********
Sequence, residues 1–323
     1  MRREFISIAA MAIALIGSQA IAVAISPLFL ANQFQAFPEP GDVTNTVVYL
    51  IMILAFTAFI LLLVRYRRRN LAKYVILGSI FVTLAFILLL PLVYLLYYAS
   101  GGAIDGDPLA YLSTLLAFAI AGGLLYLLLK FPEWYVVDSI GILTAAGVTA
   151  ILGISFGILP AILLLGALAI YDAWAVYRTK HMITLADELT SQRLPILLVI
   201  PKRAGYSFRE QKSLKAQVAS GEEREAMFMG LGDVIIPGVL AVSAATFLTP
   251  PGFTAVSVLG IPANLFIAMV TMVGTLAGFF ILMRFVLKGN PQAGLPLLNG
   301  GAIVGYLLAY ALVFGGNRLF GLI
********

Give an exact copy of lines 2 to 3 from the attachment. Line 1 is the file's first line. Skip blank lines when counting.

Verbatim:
     1  MRREFISIAA MAIALIGSQA IAVAISPLFL ANQFQAFPEP GDVTNTVVYL
    51  IMILAFTAFI LLLVRYRRRN LAKYVILGSI FVTLAFILLL PLVYLLYYAS